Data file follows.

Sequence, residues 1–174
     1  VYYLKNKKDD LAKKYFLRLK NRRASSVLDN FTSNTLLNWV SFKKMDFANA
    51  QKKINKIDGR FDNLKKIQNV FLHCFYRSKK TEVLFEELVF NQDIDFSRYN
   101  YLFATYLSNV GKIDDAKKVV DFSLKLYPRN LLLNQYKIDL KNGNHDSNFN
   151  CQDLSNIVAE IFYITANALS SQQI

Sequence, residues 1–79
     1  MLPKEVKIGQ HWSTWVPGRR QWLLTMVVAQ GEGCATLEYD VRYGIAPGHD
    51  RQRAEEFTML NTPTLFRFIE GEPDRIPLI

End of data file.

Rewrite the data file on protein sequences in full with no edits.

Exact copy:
Sequence, residues 1–174
     1  VYYLKNKKDD LAKKYFLRLK NRRASSVLDN FTSNTLLNWV SFKKMDFANA
    51  QKKINKIDGR FDNLKKIQNV FLHCFYRSKK TEVLFEELVF NQDIDFSRYN
   101  YLFATYLSNV GKIDDAKKVV DFSLKLYPRN LLLNQYKIDL KNGNHDSNFN
   151  CQDLSNIVAE IFYITANALS SQQI

Sequence, residues 1–79
     1  MLPKEVKIGQ HWSTWVPGRR QWLLTMVVAQ GEGCATLEYD VRYGIAPGHD
    51  RQRAEEFTML NTPTLFRFIE GEPDRIPLI